Inside Cecil Beaton’s Impeccable Wardrobe

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Self-portrait, circa 1928.Photo: The Cecil Beaton Studio Archive

The British photographer Cecil Beaton won three Oscars for set and costume design: one for Gigi in 1958 and two others for My Fair Lady in 1964, the costumes of which inspired the dress code for Truman Capote’s legendary Black and White Ball. Best known for his fashion and society portraits — of Audrey HepburnGrace Kelly, Coco Chanel, and many more — he was also a war photographer, the British royal family’s unofficial court photographer, a painter, and an interior designer.

He was fashionable in a way that transcended the dandyism of the time, wearing clothes from various countries and periods, but he loved vintage clothing: double-breasted jackets, antique waistcoats, and tailored suits. “If only people knew!” he wrote in his diary. “I spend comparatively little on clothes, an occasional good suit[,] but most of my suits are made in Hong Kong or Gillingham, Dorset or bought on quaysides during my travels abroad. I do not own a clean pair of gloves and my shirts are mostly frayed.” In fact, he had accounts with several of London’s Savile Row tailors (Anderson & Sheppard, Huntsman, Fagerstrom & Hughes, and others) and bought his shirts from Excello in New York.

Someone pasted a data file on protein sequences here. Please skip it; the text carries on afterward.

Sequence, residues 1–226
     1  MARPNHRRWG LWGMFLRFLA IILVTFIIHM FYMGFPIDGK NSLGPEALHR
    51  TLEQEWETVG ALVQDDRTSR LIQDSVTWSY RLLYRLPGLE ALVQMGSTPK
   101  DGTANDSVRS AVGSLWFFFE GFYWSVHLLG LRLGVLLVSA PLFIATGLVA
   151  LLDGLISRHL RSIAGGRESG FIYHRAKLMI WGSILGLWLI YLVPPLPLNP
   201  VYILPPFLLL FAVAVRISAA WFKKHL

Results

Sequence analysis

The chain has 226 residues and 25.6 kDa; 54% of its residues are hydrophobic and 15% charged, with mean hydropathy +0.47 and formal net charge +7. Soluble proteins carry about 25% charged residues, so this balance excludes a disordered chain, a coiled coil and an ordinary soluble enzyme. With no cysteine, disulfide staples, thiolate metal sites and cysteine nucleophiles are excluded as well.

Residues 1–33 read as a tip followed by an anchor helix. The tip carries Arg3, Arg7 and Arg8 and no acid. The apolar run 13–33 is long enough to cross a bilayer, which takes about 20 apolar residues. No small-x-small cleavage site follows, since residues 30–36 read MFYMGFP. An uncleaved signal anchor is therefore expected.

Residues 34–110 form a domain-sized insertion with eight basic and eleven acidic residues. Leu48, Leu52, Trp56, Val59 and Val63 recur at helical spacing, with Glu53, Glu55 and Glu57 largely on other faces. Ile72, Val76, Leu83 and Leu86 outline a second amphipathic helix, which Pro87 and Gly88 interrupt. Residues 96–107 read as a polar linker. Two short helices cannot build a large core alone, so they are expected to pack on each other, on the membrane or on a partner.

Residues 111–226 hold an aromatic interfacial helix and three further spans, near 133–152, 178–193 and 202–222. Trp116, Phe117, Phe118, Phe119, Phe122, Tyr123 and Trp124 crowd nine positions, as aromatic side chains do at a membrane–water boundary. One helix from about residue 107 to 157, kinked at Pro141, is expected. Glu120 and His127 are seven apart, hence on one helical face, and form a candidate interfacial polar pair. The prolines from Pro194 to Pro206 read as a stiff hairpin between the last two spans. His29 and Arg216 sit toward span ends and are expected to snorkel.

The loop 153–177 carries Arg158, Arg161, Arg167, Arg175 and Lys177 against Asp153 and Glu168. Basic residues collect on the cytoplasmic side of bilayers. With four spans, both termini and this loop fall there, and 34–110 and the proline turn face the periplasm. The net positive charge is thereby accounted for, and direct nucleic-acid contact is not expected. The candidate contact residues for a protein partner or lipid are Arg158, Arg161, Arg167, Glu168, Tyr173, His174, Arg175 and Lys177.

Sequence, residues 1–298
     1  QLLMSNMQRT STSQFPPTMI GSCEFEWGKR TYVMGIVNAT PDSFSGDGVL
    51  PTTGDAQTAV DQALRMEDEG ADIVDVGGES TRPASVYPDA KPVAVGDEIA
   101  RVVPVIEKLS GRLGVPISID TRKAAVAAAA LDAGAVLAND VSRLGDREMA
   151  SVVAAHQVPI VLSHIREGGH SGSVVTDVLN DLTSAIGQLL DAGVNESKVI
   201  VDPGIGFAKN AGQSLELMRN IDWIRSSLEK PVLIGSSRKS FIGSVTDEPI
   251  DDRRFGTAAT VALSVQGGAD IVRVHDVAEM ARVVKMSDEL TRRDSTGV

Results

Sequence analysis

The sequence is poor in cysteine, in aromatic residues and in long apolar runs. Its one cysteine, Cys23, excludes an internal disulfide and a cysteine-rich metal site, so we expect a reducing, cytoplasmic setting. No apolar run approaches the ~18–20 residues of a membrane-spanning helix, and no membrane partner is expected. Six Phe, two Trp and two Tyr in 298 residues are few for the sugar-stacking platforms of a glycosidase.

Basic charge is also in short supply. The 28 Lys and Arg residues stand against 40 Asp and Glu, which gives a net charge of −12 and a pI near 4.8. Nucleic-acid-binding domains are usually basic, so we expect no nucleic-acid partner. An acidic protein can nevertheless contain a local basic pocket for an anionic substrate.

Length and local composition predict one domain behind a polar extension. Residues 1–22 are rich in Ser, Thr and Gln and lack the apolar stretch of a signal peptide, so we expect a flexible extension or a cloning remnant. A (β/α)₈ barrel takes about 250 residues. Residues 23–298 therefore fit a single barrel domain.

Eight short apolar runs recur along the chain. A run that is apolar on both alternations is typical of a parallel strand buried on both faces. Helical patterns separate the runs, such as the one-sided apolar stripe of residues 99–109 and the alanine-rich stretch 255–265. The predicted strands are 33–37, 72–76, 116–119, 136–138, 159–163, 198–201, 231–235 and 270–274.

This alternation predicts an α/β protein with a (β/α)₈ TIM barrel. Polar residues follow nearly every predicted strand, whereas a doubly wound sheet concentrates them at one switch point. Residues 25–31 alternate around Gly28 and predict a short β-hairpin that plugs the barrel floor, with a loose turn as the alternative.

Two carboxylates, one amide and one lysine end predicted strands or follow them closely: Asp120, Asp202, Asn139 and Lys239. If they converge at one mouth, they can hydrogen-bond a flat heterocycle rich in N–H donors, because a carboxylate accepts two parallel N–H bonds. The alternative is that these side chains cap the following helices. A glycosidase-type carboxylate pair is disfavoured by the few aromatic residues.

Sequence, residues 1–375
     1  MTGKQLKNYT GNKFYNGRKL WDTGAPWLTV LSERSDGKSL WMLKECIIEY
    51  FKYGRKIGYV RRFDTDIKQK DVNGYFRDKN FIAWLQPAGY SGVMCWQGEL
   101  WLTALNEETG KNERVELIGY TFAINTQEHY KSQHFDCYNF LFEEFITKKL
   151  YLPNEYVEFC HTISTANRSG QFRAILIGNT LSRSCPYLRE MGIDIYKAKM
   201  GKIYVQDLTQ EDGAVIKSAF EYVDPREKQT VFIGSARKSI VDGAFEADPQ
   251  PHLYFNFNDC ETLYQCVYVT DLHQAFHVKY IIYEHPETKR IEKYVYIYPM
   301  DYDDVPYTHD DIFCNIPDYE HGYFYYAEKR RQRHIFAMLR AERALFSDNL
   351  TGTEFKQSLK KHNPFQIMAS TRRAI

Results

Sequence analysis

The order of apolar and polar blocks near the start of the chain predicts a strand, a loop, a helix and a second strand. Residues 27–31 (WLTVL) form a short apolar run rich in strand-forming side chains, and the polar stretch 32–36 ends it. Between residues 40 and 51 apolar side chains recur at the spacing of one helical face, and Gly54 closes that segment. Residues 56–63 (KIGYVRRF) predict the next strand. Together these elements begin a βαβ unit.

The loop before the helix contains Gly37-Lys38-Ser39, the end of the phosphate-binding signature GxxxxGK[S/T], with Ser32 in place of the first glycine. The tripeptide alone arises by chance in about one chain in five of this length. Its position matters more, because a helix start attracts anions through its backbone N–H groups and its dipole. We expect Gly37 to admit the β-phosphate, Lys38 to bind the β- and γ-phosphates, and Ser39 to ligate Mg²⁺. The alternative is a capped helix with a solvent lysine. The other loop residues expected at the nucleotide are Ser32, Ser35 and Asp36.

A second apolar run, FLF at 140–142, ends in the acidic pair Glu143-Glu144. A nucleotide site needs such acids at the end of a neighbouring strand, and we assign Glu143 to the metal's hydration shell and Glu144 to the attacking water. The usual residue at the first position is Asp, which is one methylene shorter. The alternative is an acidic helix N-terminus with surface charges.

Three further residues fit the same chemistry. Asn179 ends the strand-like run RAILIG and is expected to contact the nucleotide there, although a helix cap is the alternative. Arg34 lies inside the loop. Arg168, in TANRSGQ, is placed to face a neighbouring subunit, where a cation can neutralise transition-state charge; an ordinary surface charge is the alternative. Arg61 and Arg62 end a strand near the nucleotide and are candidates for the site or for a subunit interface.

The book A Life in Fashion: The Wardrobe of Cecil Beaton, out March 14 from Thames and Hudson, traces Beaton’s multifarious style, decade by decade, featuring self-portraits and candid shots at home, which show his impeccable wardrobe through the years. Click ahead to see him with Greta Garbo, on the set of My Fair Lady with Audrey Hepburn, and cooking in a Lanz of Salzburg jacket at home.